In memoriam: Nikolai, Christian Steiner’s pup, who loved music, sat in on all rehearsals for 14 years, and greeted the audiences at Tannery Pond. Photo by Christian Steiner.
4. Tannery Pond Concerts
The music presented by this concert series is world class, but the hall it’s emanating from makes this 26-year-old concert series extra special. Founded and directed by Christian Steiner, a concert pianist and professional photographer, the concerts are held in the barnlike Tannery, built by the Shakers in 1834 (it’s part of the Darrow School campus, the only school in the country located on the site of an historic Shaker Village). The Shakers were known for the beauty and simplicity of their design, but whether they intended to or not, they created a structure that’s as acoustically superb as the music. Think of the biggest names in classical music and chamber groups and they’ve probably performed here. Concerts run between May and September and this season include pianist Stephen Hough and the Miro and St. Lawrence String quartets, among others.
5. George Rickey Sculptures
World-famous Rickey was one of the two major 20th-century artists to make movement a central interest in sculpture (the other being, of course, Alexander Calder). In 1960 he moved to the East Chatham/New Lebanon area until the end of his life, in 2002. Although his home and studio are strictly private, you can see some of his famous works from the road. Or you can take advantage of a rare opportunity to tour Rickey’s studio and outside sculpture garden offered by Behold! New Lebanon on July 16 and August 6. Philip Rickey, son of the artist and a sculptor in his own right, will be the guide.
6. Meissner’s Auction Service
Friends introduced us to this weekly country auction when we first moved here, and I fell in love — with the family who runs it, the serio-comic auctioneer patter, and the history lessons imbued in the merchandise, much of it gleaned from estate sales that turn up furniture that they just don’t make today. The auction starts at 5 p.m. every Saturday, but you have the whole day to preview the enormous selection of furniture (period, oak, pine, mahogany and Victorian walnut), glassware, pottery, quilts, stoneware and artwork. I’ve seen buyers walk away with entire bedroom sets for $100, but prices run the gamut. One of my favorite parts is the boxlot auction, tables of boxes offering a curious jumbled mix of books, glassware, prints, frames, costume jewelry and things that make you say “huh.” Go to furnish your place or enjoy some free, edifying entertainment. Food is available for sale and I’m told the macaroni and cheese is pretty delicious.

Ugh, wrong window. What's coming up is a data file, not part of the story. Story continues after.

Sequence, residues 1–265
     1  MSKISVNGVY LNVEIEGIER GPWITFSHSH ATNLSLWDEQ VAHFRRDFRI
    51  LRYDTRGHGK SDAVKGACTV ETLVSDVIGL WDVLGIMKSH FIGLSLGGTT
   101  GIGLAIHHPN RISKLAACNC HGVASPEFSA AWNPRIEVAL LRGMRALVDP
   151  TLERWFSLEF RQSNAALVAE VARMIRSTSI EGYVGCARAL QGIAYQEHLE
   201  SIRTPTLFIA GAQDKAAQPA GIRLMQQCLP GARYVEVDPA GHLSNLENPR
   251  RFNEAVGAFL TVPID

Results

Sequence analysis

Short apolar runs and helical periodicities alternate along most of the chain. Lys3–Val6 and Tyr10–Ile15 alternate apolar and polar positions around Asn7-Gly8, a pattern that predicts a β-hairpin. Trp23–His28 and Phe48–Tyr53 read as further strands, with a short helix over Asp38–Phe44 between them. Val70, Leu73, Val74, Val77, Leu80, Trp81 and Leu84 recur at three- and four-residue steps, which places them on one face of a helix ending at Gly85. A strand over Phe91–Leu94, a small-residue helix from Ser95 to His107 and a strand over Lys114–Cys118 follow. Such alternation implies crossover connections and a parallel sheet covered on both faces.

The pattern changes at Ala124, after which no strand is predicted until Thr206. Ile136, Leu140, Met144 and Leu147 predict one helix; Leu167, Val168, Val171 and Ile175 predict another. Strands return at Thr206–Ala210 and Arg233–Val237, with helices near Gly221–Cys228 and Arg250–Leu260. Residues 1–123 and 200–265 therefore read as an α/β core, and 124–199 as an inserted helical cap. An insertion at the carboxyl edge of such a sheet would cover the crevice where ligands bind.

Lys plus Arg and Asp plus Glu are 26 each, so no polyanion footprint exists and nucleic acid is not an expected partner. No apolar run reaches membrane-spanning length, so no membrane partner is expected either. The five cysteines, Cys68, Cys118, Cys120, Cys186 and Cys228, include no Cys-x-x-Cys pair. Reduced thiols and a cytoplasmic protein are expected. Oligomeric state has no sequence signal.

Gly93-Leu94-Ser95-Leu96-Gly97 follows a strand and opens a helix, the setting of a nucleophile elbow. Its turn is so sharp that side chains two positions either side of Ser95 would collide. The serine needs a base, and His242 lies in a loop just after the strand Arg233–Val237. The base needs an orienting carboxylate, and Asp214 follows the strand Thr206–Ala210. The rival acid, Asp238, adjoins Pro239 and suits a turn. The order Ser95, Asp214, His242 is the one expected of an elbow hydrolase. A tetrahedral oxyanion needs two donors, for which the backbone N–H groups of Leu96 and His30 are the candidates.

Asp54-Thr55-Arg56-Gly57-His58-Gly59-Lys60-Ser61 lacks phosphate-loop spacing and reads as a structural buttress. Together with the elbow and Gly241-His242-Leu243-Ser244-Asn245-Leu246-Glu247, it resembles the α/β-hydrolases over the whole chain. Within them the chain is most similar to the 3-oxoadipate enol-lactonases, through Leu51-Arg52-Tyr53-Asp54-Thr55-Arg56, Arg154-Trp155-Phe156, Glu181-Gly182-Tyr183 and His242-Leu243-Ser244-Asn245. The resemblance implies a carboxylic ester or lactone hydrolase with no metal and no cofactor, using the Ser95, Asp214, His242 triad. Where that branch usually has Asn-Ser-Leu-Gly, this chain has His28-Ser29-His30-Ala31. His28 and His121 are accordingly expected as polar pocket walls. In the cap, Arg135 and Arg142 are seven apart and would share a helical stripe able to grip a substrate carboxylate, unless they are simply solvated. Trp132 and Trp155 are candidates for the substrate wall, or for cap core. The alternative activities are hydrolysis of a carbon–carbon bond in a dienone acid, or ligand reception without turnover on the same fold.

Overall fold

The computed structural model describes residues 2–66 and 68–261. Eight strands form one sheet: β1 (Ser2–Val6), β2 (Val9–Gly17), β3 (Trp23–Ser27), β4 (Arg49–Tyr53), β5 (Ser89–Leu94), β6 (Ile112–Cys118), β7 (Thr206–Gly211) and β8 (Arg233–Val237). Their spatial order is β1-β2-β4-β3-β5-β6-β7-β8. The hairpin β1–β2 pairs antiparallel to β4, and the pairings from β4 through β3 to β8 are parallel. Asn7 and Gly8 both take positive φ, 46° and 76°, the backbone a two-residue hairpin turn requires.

7. Blueberry Hill Market Café
When this breakfast/lunch place and small market (primarily locally made items), opened four years ago, our reviewer wrote that owner Melanie Hunt “hoped the market would attract folks on their way home from work and that both the café and market would suit the needs of those just passing through.” It’s more than done that, evidenced by the busy parking lot. It still oozes “ample charm” (what is it about mismatched tables and chairs — handsome wood tables and ‘50s dinette sets — that make a sit more inviting?). The offerings of creatively executed soups, sandwiches and locally roasted coffee have expanded, and the desserts that pull you in to the pastry case like a magnet still include Hunt’s famous slab pies — double-crusted squares bursting with fresh fruit (on the day I visited, sour cherry, apple and blueberry-peach). The chocolate croissant bread pudding rendered me speechless.
8. Kendall House Roast Beef Sandwich Shop and Antiques/Uniques
If the name of this shop doesn’t draw you in, the front yard of The Kendall House will catch your eye. A whimsical arrangement of furniture and vintage curiosities welcome you as you drive up to the former home of Thomas Kendall Jr., the inventor of the thermometer and its namesake factory. The building is festooned with old-timey signs announcing that there is food and more fun going on inside. (The town’s Zoning Board is insisting on removal of supplementary exterior signage, whether decorative or directional, for this and other businesses, which seems short-sighted in a town that’s dependent upon traffic streaming by, but I digress.) Glen and Pat Farnan opened an antiques business about five years ago, then added the deli with a knockout rotisserie-cooked roast beef made on premises. “You won’t get a better roast beef sandwich around here,” he says, and I believe him. There’s a full menu of other sandwiches, burgers, soups and Perry’s ice cream, and before or after you’ve shopped you can enjoy your lunch in the café among the collectibles or at the picnic table down by the creek in back.
(Note: There’s another unusual pairing of food and commerce just down the road at the New Lebanon Minimart and gas station, which offers, along with Boar’s Head products, Indian takeout made by the owners.)